The wonderful new novel from the much loved author of ‘Girl With a Pearl Earring’ and ‘Falling Angels’.
Flames and funerals, circus feats and seduction, neighbours and nakedness: Tracy Chevalier's new novel ‘Burning Bright’ sparkles with drama.
London 1792. The Kellaways move from familiar rural Dorset to the tumult of a cramped, unforgiving city. They are leaving behind a terrible loss, a blow that only a completely new life may soften.
Against the backdrop of a city jittery over the increasingly bloody French Revolution, a surprising bond forms between Jem, the youngest Kellaway boy, and streetwise Londoner Maggie Butterfield. Their friendship takes a dramatic turn when they become entangled in the life of their neighbour, the printer, poet and radical, William Blake. He is a guiding spirit as Jem and Maggie navigate the unpredictable, exhilarating passage from innocence to experience. Their journey inspires one of Blake's most entrancing works.
Georgian London is recreated as vividly in Burning Bright as 17th-century Delft was in Tracy Chevalier's bestselling masterpiece, Girl with a Pearl Earring.
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Praise for ‘Burning Bright’:
'A visual delight. Chevalier's meticulous brushstrokes allow us to hear the "youthful harlot's curse" and feel "the damp souls of housemaids"'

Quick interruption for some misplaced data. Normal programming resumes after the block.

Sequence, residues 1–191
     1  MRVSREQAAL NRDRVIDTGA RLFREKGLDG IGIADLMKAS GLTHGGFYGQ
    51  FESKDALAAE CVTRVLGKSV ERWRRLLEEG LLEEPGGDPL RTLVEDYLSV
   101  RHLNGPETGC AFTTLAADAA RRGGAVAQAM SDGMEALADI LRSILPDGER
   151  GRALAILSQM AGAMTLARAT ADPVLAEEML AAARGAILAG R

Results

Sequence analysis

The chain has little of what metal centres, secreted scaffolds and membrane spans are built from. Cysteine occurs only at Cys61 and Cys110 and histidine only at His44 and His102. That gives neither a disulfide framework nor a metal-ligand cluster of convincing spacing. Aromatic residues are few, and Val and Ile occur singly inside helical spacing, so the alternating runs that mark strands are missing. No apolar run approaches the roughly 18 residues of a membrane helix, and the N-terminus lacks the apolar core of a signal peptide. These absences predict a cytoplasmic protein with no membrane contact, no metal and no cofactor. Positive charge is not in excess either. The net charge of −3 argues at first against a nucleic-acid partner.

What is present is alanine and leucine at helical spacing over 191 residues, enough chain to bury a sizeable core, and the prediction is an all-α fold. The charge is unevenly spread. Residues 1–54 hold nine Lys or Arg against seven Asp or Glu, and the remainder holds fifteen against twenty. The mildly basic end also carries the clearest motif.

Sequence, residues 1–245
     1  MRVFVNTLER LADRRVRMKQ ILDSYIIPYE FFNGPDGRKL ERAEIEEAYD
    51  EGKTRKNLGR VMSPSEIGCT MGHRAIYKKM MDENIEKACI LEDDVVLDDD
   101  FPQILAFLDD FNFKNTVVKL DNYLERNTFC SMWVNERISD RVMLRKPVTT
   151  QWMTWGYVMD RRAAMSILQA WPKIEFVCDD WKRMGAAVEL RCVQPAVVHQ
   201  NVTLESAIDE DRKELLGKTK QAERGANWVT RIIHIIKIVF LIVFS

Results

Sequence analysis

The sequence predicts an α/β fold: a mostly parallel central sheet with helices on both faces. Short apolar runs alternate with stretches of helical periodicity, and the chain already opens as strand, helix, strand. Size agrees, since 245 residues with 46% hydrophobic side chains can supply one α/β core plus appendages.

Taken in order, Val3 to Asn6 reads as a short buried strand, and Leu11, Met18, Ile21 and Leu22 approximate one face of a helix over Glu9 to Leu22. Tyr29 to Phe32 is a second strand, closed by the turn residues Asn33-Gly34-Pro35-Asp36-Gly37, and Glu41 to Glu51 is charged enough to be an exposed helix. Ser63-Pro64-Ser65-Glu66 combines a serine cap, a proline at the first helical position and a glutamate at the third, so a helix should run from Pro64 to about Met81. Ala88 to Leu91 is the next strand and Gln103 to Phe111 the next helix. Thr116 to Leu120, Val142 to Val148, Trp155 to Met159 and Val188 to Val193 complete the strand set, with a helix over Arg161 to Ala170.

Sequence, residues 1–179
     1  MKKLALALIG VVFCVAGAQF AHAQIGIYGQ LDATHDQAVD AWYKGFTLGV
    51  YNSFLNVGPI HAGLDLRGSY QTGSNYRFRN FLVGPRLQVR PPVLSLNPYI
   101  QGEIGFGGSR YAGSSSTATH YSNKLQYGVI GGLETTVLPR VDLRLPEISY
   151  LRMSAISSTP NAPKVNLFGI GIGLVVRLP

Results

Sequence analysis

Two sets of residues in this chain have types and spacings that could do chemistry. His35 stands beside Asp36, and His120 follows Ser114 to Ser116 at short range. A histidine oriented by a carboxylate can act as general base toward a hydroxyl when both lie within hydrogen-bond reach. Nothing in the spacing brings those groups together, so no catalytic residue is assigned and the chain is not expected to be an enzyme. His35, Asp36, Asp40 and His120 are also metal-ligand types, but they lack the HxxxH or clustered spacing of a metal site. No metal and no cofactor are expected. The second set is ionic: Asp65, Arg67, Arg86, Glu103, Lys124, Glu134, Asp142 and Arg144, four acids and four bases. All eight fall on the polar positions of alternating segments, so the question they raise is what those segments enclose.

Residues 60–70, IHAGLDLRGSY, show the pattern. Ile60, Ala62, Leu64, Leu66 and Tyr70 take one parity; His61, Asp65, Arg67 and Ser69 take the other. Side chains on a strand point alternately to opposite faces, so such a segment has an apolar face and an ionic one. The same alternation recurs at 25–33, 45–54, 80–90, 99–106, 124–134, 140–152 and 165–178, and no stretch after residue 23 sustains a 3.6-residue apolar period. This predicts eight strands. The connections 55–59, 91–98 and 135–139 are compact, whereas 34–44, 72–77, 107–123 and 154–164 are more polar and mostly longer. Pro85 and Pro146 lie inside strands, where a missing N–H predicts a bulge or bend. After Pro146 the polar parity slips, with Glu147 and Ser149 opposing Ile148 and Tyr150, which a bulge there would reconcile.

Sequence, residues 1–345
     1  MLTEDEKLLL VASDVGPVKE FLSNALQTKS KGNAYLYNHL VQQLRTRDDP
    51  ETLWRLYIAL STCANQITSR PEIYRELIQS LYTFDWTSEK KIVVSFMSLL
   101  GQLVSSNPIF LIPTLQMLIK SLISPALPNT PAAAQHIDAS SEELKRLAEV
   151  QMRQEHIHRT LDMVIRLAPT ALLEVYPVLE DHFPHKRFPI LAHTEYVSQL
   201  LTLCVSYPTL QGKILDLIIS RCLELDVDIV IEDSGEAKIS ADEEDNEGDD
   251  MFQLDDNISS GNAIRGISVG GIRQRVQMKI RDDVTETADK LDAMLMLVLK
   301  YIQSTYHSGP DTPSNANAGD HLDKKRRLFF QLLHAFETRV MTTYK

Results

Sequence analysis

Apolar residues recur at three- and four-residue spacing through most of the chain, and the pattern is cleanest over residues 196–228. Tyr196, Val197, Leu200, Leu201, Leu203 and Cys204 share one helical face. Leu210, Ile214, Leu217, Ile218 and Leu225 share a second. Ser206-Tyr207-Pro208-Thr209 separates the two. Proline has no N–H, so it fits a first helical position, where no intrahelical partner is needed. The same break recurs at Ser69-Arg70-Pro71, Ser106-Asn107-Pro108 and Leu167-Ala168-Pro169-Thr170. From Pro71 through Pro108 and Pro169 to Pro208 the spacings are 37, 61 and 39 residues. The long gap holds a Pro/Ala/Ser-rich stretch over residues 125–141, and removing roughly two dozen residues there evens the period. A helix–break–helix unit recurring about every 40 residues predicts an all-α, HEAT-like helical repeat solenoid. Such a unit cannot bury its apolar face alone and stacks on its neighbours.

'Burning Bright is an ambitious, impressively-researched novel…You can almost smell the smoke and mildewed clothes, see the gaunt, pock-marked faces of people struggling to survive and sense Jem's wonder as he gazes across the murky Thames to a perplexing world'
'A subtle clarity of style, quirky but seldom over-drawn characters, engaging touches of domestic detail and a splendidly vital recreation of Georgian London'
'Vivid, romantic and pacey'
'Those who admired Chevalier's atmospheric evocation of 17th-century Delft will find much to enjoy in her vivid reconstruction of late 18th-century London'
‘Passionate and compelling it provides a fascinating historical insight.’
More praise for ‘Burning Bright’:
‘Marvellously plotted…Chevalier masterfully works the themes and images of Blake's poetry into a tale of pure souls "burning bright" in a tarnished, slippery world'
Susan Vreeland, Waterstone's Books Quarterly
'Her pen-sketches of the squalor, smells and sounds of low-life London flesh out the history into immediacy'
'Entertaining and involving'
'Chevalier's characteristic love of detail - from the smells of the cattle market to a grotesque description of a man eating a pie - brings Georgian London vividly to life, while meticulous research allows her to weave fact and fiction into a convincing and persuasive narrative'
'Great pleasure is derived from Chevalier's vivid sense of place. In her hands, late 18th-century London and Lambeth in particular spring to life, and you see a city teetering on the brink of the rapid expansion and industrialisation that is about to change it forever'
Historical Novels Review
‘great pleasure is derived from Chevalier’s sense of place. In her hands late 18th century London and Lambeth in particular spring to life.’ Historical Novels Review
‘this is an engaging novel of families and friendship’ Choice Magazine